Pessoa left behind trunks full of writing, many pieces of which are still awaiting publication. Similarly, many of Navelcar’s works also lie unseen in multiple portfolios and have not been archived or exhibited. Without State or institutional support, Navelcar has to make a living by directly selling his work, which is a huge loss to the Goan public, as only select audiences enjoy his art. The tragedy is that recently many of the artist’s works have fallen prey to white ants, that endemic scourge of Goa. Setbacks, though, have not dimmed Navelcar’s enthusiasm to produce art, as he continues to paint every day.
It is remarkable that Navelcar’s experience of Portugal, during his time of study there in the 1950s, is emblematized by his portrayals of the figure of Pessoa who was not as popular in his homeland then. This is especially because, during that era of the dictatorial regime of António de Oliveira Salazar, the Portuguese State was actively promoting the classic seventeenth century poet Luís de Camões, as a part of their nationalistic propaganda, while ignoring modern poets like Pessoa, who died in 1935. Nations generally look for ‘authentic’ symbols to represent the country. Pessoa did not fit the bill because “his first writings were in English with a South African tincture” and “he turned to Portuguese only in 1910” (George Steiner, ‘A Man of Many Parts’, The Guardian, June 3, 2001). For the Salazarian regime, the diasporic Pessoa did not possess the commensurate amount of “Portugueseness” in the fashion that de Camões did. It is also easier to use “heroes” from antiquity as symbols, because those in power tend to manipulate the politics of these deceased legends. Pessoa’s writing was not nationalistic enough, whereas de Camões was useful to the State precisely because his works are in the epic tradition and speak to the glories of the Portuguese empire. Perhaps Navelcar relates the side-lining of Pessoa by Portugal to his own mistreatment by the State of Goa – a ‘postcolonial’ Goa that has deemed Navelcar to be not ‘authentic’ enough to be officially recognised.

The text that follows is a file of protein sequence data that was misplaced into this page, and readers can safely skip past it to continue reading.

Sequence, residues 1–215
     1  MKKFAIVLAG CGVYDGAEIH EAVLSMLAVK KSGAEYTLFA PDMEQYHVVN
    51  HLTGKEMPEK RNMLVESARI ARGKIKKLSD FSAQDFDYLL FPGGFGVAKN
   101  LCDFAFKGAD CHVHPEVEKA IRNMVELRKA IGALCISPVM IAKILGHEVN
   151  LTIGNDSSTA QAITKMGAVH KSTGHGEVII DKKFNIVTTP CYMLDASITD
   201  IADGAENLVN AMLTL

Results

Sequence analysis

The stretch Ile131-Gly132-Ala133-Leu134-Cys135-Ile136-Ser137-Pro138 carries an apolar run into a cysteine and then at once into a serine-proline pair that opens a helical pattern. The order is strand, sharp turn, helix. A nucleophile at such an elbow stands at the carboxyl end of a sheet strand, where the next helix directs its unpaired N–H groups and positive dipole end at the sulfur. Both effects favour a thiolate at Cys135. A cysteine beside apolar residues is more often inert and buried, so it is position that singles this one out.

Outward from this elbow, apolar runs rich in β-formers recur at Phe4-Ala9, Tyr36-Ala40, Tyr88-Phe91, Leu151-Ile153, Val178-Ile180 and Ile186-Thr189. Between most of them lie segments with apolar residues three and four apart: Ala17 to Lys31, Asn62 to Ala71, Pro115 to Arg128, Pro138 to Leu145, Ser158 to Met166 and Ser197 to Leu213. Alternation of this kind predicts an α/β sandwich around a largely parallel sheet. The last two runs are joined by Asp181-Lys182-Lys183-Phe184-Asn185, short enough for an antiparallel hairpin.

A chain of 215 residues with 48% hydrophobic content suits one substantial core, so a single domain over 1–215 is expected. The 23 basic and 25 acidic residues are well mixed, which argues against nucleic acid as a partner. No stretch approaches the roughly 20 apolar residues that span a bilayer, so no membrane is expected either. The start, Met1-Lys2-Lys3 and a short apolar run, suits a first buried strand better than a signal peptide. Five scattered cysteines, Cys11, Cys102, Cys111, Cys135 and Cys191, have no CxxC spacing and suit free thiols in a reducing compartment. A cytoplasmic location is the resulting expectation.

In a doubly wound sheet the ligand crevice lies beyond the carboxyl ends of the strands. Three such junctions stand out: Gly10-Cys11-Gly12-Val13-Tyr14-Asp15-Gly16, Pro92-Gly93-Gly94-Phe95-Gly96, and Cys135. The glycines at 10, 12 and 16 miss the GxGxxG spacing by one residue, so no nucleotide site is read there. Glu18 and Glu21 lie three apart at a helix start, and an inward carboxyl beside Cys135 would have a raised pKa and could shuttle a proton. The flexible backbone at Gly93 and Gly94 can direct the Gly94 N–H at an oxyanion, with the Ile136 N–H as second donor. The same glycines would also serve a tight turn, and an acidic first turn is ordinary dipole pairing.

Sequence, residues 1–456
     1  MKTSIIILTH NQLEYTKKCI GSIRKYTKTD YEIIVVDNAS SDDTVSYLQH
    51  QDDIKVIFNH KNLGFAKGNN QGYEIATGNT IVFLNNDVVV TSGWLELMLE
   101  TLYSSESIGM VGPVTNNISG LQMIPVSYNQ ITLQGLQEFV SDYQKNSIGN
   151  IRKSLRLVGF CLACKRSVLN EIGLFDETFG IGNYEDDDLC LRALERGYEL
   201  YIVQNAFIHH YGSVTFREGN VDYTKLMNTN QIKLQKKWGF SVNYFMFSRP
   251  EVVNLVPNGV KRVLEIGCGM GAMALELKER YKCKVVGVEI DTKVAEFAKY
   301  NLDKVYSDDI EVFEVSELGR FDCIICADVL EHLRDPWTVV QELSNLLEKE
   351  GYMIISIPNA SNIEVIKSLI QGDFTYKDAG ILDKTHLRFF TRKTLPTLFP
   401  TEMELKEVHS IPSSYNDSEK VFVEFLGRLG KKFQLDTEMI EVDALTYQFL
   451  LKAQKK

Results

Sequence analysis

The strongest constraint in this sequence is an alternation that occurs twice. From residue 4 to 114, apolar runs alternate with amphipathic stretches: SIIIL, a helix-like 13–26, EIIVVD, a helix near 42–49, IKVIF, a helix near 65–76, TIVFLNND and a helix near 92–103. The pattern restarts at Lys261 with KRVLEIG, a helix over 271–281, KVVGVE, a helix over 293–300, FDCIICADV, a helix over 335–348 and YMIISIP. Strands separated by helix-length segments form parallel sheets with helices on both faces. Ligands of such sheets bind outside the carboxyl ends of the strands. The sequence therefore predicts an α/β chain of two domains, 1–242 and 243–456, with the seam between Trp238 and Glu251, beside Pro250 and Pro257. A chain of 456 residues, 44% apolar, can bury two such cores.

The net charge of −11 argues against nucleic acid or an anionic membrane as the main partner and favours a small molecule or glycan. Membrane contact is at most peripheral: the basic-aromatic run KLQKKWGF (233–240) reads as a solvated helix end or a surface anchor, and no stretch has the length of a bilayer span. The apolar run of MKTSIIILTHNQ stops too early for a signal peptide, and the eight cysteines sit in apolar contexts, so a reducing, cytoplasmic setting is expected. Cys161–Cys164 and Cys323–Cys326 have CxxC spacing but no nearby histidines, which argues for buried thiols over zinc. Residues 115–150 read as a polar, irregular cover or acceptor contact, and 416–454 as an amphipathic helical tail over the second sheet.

What the post-‘Liberation’ State fails to realise is that Navelcar’s life in Goa, Portugal, and Mozambique, is often a reflection of a Luso-specific trend of migration that is common to many Goans of a past era. Navelcar is aware of this complexity and therefore remains proud of his multiple experiences of places across continents. He claims to be at once European, African, and Goan, just as many other Goans of his generation might. Navelcar’s art, as much as his life, is emblematic of Goa’s global connections, which is why Ferrão refers to him as a “performing artist” (Muse India). The State does not seem to embrace Navelcar because to do so would undermine their nationalist politics, which is contrary to what the artist and his art represents in embracing multiplicity. Nevertheless, the figure of Navelcar is a powerful one: he is a living bridge between histories, states, and empires. This is the poetry of his art. And his downfall.
Vishvesh Kandolkar is an Associate Professor at Goa College of Architecture and a doctoral student of Manipal University through Srishti Institute of Art, Design, and Technology, Bangalore. He is also a member of the Al-Zulaij Collective and his writing can be accessed at email@example.com.